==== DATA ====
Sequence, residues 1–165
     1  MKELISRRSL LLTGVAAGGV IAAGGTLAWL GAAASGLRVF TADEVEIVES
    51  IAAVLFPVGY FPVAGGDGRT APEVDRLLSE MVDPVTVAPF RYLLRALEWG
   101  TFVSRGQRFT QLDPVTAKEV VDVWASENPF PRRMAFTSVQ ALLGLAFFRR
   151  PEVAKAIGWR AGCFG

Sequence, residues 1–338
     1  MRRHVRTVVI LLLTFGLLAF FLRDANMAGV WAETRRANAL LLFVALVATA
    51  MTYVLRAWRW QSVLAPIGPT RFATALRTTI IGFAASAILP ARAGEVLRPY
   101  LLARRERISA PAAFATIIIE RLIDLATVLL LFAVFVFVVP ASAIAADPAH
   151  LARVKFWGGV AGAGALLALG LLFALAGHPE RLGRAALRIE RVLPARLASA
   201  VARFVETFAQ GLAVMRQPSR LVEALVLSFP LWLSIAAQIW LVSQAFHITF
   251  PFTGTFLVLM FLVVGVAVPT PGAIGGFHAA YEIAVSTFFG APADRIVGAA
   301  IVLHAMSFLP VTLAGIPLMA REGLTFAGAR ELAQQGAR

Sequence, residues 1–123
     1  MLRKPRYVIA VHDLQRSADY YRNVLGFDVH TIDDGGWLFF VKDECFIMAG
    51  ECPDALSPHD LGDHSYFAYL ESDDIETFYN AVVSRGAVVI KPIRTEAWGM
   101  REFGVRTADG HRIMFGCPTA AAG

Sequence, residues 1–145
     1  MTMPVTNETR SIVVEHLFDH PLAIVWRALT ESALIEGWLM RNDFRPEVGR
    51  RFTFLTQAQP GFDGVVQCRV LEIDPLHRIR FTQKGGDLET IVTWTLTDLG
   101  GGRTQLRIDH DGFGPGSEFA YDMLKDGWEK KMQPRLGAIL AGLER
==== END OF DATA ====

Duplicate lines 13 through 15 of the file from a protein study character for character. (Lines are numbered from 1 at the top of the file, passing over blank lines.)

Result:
   301  IVLHAMSFLP VTLAGIPLMA REGLTFAGAR ELAQQGAR

Sequence, residues 1–123
     1  MLRKPRYVIA VHDLQRSADY YRNVLGFDVH TIDDGGWLFF VKDECFIMAG